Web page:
There is a gender gap in Economist/YouGov Polls when it comes to opinion about Vice President Kamala Harris.
Harris, the first woman to serve as vice president, is less well-liked than President Joe Biden by Americans nationally. That gap is evident among Independents and Democrats. Biden is liked by 81% of Democrats, compared to 69% who like Harris, according to a recent poll. One-third of Independents (32%) like Biden as a person, compared to 23% for Harris.
That disparity largely comes from a gender gap among Democratic women and men that exists for Harris but not Biden. About three-quarters of Democratic women (73%) say that they like Harris as a person, compared to 63% of Democratic men.
For Biden, the gap is within a standard polling error: 83% of Democratic women and 79% of Democratic men say they like him as a person.
For Independents, there is less of a difference in opinion by gender between Harris and Biden. Independent women are 14 percentage points more likely than Independent men to like Harris, as well as 13 points more likely than Independent men to like Biden.
Other women who ran for or held higher office also have faced a gender gap in support. Hillary Clinton received a smaller share of men’s votes than of women’s in the 2016 presidential election, for a gender gap that was greater than any other election since 1972 — including Biden’s.
Democrats’ gender disparity in liking Harris has emerged since she took office as vice president. In October 2020, before the presidential election, 73% of Democratic men and 76% of Democratic women liked Harris. Now the share of Democratic women who say they like Harris is about the same, while the share of men who say they like her has dropped.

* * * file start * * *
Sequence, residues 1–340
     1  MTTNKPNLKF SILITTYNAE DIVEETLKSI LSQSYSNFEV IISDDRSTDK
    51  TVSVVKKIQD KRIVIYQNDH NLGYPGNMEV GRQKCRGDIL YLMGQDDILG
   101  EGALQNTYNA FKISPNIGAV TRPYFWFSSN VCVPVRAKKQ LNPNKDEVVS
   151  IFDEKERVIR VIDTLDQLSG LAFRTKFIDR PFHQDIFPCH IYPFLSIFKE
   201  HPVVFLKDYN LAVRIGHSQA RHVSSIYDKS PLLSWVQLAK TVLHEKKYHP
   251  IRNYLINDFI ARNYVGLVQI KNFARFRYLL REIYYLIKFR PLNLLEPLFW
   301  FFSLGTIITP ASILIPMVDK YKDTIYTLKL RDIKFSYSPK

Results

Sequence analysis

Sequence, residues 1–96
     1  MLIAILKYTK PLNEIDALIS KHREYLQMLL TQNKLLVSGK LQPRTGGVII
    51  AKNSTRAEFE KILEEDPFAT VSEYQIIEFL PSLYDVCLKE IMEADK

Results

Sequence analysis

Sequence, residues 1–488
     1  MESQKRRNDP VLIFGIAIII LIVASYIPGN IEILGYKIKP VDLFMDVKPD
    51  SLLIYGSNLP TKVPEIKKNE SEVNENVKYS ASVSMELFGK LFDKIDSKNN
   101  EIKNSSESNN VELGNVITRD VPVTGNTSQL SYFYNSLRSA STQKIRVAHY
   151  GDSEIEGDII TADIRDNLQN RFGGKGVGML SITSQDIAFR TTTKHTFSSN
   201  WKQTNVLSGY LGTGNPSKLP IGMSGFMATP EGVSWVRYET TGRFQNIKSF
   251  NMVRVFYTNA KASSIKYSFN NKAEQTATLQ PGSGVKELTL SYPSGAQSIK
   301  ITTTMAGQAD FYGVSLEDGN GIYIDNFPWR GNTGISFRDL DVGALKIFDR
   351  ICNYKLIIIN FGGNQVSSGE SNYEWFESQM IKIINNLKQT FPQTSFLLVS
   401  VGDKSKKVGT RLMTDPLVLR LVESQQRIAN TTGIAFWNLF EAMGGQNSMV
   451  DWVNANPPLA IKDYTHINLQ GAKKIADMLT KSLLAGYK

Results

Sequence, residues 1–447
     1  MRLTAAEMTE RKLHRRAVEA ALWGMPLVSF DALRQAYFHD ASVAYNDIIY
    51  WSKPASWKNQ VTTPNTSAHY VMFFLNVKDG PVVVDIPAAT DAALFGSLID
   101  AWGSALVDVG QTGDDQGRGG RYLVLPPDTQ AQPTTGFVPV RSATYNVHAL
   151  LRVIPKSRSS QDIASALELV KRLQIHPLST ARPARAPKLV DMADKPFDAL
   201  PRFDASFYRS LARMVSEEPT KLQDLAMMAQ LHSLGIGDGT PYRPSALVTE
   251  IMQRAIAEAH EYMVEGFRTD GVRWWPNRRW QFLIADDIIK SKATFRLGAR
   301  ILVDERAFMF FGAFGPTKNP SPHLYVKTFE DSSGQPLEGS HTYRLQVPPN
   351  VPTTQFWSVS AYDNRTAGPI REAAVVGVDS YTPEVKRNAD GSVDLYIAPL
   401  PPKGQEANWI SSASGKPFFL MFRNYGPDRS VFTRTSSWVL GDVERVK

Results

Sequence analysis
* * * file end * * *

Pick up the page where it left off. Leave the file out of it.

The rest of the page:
There is less of a difference when it comes to whether or not Americans think Harris is qualified to be vice president. More than 80% of Democratic men and of Democratic women believe she is.
There is one characteristic where Harris outperforms Biden in this poll and in earlier ones: More Democrats call her a strong leader than describe Biden that way. Democratic women are more likely to see the president and vice president as strong leaders than are Democratic men; the gender gap is greater for Harris.
The gender gap when it comes to Harris’s strength of leadership is larger than the gender gap for the president on this question.
Methodology: The Economist survey was conducted by YouGov using a nationally representative sample of 1,500 U.S. adult citizens interviewed online between October 24 - 26, 2021. This sample was weighted according to gender, age, race, and education based on the 2018 American Community Survey, conducted by the U.S. Census Bureau, as well as 2016 and 2020 Presidential votes (or non-votes). Respondents were selected from YouGov’s opt-in panel to be representative of all U.S. citizens. The margin of error is approximately 3% for the overall sample.